At first, President Nixon dismissed the story because it uncovered misconduct only by previous, mostly Democratic administrations. Publication of the papers “doesn’t hurt us,” he told his staff, so “the key is for us to keep out of it.”

The Vietnam War was already winding down by that point. Nixon had other plans—and other leaks that worried him far more than the Pentagon Papers leaks. Someone inside of his own National Security Council was stealing Henry Kissinger’s secret documents and leaking them to Jack Anderson, who was publishing the secrets almost in real time as they were created. Nixon activated his Plumbers and his security officials to smoke out the leaker, who turned out to be a young Navy yeoman and National Security Council aide named Charles Radford. Under severe questioning, Radford gave up the names of those who were running him—the head of Nixon’s Joint Chiefs of Staff, Admiral Thomas Moorer, was running the leaks to Jack Anderson, and he was backed by two other admirals in Nixon’s National Security Council. We forget this today, but the far right and the Bircher crowd loathed Nixon and Kissinger—many in the military-industrial complex saw Nixon and Kissinger, with their secret maneuvers to open up to Mao’s China, and to forge detente with the Soviet Union, as appeasers and sellouts, if not outright Soviet agents.  Melvin Laird, Nixon’s Secretary of Defense, even used the NSA to wiretap Kissinger’s phones and conversations.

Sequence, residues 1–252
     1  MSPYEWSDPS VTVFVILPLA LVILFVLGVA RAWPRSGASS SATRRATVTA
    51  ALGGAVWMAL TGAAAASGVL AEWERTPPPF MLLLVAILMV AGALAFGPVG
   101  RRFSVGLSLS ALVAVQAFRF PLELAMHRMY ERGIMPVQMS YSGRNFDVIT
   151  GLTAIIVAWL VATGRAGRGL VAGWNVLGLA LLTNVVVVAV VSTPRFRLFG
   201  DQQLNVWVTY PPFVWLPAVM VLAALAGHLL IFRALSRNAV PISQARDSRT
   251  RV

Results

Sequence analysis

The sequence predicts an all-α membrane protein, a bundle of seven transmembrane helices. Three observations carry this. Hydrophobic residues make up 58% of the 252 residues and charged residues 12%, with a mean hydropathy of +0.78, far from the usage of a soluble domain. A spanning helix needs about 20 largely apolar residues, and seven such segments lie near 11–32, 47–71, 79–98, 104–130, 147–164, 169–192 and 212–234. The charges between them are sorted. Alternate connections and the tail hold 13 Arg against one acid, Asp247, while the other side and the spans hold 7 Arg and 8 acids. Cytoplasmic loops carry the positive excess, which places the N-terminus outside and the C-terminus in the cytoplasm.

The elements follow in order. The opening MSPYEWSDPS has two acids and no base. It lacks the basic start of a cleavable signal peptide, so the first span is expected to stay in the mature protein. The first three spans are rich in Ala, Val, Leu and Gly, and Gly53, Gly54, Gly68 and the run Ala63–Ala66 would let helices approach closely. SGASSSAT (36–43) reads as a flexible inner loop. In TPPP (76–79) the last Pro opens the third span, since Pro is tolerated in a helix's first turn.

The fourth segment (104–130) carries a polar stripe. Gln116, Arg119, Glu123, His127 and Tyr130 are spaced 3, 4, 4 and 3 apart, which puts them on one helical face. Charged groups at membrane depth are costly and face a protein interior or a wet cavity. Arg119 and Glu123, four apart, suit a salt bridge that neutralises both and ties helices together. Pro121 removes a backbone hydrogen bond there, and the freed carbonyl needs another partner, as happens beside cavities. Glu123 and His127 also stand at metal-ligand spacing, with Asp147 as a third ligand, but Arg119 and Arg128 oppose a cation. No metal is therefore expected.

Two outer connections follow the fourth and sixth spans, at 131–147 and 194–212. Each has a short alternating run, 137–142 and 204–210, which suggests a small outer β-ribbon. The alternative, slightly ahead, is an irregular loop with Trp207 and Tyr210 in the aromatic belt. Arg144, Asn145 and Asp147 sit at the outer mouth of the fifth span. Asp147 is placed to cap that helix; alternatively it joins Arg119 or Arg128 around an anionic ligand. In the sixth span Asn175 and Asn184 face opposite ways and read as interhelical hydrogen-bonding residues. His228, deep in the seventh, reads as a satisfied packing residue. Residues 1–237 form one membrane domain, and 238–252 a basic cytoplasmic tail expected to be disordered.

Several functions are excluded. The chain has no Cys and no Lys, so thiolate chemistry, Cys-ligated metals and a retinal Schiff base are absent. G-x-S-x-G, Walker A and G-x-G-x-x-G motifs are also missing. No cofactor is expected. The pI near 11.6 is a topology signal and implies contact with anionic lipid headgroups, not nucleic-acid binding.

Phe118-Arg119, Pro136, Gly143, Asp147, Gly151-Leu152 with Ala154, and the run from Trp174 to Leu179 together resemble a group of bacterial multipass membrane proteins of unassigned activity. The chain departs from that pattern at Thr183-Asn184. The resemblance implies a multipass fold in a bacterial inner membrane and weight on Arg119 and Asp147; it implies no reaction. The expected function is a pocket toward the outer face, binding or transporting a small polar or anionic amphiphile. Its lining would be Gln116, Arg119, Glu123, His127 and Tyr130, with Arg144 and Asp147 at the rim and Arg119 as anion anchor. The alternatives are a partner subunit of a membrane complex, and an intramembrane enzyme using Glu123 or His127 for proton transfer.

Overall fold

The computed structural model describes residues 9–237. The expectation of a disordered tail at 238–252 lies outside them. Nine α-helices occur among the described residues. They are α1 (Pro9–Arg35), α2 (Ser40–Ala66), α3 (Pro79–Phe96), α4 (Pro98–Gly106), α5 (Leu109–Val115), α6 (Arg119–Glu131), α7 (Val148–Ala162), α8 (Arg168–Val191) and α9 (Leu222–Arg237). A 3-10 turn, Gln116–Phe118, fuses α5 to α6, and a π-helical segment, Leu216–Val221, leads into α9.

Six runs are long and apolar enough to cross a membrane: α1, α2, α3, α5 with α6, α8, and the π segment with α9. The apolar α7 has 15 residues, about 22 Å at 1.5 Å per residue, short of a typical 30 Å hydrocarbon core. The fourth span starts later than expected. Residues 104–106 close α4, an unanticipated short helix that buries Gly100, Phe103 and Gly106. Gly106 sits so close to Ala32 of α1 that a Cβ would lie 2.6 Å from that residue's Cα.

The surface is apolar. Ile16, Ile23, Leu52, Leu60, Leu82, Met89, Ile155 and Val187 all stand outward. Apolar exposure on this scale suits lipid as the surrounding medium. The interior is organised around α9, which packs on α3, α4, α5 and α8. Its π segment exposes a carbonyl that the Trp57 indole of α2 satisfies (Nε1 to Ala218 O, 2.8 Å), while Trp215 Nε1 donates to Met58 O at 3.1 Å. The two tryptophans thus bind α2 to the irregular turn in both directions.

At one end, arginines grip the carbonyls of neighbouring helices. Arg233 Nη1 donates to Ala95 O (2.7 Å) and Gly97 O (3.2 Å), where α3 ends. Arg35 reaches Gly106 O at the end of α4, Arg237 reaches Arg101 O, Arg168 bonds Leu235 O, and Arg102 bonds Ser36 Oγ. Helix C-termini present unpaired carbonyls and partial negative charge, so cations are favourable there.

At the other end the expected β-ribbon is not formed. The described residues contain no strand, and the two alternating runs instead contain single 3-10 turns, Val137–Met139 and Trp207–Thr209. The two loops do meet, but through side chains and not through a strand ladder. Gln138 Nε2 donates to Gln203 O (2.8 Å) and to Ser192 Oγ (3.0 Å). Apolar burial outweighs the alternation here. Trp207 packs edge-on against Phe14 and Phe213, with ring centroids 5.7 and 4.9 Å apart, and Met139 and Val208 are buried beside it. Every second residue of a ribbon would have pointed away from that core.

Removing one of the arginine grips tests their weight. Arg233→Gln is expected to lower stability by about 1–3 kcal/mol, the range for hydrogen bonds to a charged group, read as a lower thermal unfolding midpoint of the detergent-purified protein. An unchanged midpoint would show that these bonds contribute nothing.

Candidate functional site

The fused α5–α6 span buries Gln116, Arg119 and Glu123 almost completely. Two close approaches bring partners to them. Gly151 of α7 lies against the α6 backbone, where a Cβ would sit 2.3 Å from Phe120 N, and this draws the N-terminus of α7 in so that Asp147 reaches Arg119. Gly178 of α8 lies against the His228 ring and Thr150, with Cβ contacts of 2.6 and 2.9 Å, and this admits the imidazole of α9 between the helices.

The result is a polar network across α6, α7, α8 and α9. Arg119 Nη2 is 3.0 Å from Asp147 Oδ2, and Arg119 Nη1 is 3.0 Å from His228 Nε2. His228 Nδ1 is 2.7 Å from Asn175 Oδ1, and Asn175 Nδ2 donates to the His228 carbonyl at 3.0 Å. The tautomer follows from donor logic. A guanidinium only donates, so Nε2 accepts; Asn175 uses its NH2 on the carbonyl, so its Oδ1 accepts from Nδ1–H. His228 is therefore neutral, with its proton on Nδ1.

When Nixon and Kissinger realized that the damaging Jack Anderson leaks were actually a plot from within their own National Security Council to undermine them, they were floored.

It was Nixon aide (and Watergate plumber) John Ehrlichman who broke the news: The documents were being leaked from right inside the White House, “here in the Joint Chiefs of Staff liaison office.” As Feldman writes,

“Jesus Christ,” the President exclaimed.

[...] “If you can’t trust a yeoman in the navy, I don’t know goddamn who can you trust?”

In all, Radford stole some 5000 classified documents — and when his commanding officer, Admiral Robert Welander, was brought in and asked, he casually admitted to everything, including the fact that Nixon’s own head of the JCS, Admiral Moorer, was in on it too. Which was a problem for Nixon, because Moorer was known as a hawk who opposed Nixon’s plans to pull out of Vietnam: